Employment Law Questions? Ask an Employment Lawyer.
I'm Lucy, and I'd be happy to answer your questions today. I'm sorry to hear about your situation.
Are you talking about suing the employer for the brain injury at work? Did your husband get his bills paid and time off covered by worker's compensation? How long has it been since that happened?
Or were you only wondering if you can sue based on the excessive hours your husband is working? Does your husband supervise others or make hiring/firing decisions?
That's awful. I'm very sorry that the employer is doing this. The entire situation must be very stressful for you.
There is unfortunately no state or federal law that regulates the number of hours a person can be required to work. Your husband's recourse is to refuse to do the hours and quit if he's being made to work too many hours. He cannot sue them for agreeing to work more hours he should reasonably be required to work.
What he could do is get a doctor to examine him and give an opinion on how his brain injury limits him and whether working extra hours exacerbates the injury. That might allow him to request a set work schedule, with a reasonable number of hours, as required by the Americans with Disabilities Act. His employer wouldn't be allowed to fire him for asking for help to deal with a disability. He could also request intermittent leave under the Family and Medical Leave Act if he needs days off to deal with his brain injury, which is a serious medical condition. He'd be allowed to take up to 12 unpaid weeks a year, if he submitted the proper paperwork. That might be worth pursuing if your husband's employer has more than 50 employees.
There is one other law that might help, but it depends on what your husband's responsibilities for the company are. What are his duties? Does he supervise other employees?
You're right. It's not right. But if your husband is agreeing to work the hours, that makes it very hard to sue the company.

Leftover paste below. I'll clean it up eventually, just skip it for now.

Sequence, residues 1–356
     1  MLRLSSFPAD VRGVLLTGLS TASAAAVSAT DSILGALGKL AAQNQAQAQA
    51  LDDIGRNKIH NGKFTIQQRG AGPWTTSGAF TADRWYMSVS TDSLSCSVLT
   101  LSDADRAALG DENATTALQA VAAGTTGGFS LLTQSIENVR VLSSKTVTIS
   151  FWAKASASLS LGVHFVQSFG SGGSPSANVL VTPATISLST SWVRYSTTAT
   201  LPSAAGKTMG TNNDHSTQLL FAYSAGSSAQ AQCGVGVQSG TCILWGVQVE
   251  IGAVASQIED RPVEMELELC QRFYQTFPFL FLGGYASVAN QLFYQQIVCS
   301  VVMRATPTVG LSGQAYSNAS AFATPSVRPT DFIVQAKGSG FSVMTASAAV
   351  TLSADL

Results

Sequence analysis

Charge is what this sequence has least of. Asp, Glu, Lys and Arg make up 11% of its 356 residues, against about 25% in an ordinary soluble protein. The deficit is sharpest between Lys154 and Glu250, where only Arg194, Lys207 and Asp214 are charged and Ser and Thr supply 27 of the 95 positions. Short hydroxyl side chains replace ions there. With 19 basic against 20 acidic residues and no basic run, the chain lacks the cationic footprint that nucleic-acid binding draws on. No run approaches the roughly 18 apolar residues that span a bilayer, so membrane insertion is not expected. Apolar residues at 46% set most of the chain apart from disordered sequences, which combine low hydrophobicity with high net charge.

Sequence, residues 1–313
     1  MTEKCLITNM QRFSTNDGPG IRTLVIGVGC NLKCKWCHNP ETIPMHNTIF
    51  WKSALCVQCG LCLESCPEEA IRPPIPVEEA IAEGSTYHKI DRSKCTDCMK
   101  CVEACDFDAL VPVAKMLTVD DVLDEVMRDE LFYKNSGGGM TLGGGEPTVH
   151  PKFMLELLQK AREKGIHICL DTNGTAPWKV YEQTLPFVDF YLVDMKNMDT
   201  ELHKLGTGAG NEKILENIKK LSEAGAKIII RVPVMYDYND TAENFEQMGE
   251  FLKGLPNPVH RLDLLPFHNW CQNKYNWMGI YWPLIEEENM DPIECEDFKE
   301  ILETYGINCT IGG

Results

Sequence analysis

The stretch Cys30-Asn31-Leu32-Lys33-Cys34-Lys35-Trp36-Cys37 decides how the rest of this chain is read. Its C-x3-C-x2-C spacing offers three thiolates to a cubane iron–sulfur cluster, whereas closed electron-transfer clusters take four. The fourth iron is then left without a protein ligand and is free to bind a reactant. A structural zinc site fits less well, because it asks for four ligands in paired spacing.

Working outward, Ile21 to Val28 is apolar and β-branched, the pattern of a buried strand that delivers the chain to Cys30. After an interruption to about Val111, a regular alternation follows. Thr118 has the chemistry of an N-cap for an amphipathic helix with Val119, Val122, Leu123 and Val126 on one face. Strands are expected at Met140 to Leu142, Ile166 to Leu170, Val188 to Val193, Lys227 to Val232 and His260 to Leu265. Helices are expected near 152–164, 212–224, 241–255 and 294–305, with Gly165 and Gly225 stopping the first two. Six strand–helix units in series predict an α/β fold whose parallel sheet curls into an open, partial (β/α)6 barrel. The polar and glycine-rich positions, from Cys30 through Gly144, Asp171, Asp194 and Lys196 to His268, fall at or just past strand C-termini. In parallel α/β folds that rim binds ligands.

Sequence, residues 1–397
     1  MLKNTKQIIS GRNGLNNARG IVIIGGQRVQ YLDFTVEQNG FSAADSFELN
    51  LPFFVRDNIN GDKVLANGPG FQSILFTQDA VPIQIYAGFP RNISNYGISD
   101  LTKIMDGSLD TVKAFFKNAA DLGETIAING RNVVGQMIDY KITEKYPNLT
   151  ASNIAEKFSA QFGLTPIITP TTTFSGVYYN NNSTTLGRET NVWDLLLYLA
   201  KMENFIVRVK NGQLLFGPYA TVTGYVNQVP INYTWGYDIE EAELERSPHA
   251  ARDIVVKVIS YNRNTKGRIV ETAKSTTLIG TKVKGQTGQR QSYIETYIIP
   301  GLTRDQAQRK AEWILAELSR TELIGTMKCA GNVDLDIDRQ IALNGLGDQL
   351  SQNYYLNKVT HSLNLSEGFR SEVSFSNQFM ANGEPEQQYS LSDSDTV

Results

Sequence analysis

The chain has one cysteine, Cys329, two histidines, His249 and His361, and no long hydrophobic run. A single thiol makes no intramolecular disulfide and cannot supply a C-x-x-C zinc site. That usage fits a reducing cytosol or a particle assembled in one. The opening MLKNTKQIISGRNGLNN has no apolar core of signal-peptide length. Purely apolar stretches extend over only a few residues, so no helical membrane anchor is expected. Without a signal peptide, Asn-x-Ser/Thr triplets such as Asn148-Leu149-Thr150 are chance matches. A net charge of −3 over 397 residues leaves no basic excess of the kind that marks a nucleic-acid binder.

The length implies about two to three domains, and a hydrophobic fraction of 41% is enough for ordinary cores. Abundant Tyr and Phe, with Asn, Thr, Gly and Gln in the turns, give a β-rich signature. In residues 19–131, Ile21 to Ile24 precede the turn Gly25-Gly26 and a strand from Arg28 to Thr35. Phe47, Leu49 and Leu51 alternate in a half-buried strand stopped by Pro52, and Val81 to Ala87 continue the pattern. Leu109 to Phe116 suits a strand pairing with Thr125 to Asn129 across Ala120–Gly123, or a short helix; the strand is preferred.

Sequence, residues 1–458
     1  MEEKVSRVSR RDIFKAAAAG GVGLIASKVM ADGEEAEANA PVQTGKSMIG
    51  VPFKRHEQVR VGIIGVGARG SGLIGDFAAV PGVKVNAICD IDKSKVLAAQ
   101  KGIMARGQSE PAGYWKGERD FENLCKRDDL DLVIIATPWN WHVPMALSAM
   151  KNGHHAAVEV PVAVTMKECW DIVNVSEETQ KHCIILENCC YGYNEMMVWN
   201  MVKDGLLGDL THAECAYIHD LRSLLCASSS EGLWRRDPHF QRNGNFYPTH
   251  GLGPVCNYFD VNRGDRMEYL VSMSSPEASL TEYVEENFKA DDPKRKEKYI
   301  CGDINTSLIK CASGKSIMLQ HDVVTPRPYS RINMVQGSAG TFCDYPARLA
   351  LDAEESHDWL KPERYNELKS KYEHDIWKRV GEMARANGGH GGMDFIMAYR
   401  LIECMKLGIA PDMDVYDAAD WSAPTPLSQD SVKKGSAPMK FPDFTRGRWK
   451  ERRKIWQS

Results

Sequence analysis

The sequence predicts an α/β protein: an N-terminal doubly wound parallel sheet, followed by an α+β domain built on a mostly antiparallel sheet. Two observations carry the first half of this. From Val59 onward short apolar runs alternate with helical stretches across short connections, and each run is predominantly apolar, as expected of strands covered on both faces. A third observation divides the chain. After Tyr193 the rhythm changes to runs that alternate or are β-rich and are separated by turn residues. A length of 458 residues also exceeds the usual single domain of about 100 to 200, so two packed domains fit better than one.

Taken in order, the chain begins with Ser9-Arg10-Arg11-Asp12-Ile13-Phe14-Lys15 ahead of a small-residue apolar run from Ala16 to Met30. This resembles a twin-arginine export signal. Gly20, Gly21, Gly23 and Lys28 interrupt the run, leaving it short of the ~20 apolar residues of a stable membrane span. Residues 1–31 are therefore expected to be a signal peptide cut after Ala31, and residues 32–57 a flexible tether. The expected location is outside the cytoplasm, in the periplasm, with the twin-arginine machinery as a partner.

What are his duties? Does he supervise other employees? The reason I keep asking is that this is the key to whether or not it's illegal for him employer to not pay him overtime. It's not just based on the fact that he's paid a salary.
And if it's illegal not to pay him overtime, he would have a lawsuit for potentially a lot of money, which would probably inspire his employer to stop making him work so many hours.
Thank you. If he's supervising them and has some input into hiring and firing decisions, then it sounds like it unfortunately is allowed for them to make him work all these hours.
The legislature decided, hundreds of years ago, that the solution to this type of problem was to give employees the freedom to leave a bad situation. That's why they drafted at-will employment laws. I'm sorry to say, those are the only laws that are going to help your husband here. He has a right to quit his job and go work for an employer that is not going to take advantage of him. I know that's scary and i know it's hard to look for a new job while working 100+ hours a week at his existing job, but they're going to work him to death if he lets them and there aren't other laws that apply.
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The key is whether the person has genuine input into hiring and firing decisions. If he's giving opinions and they listen to him, that's enough.
If the employer is violating state or federal safety regulations, report them to the labor board. He should be able to do that anonymously.
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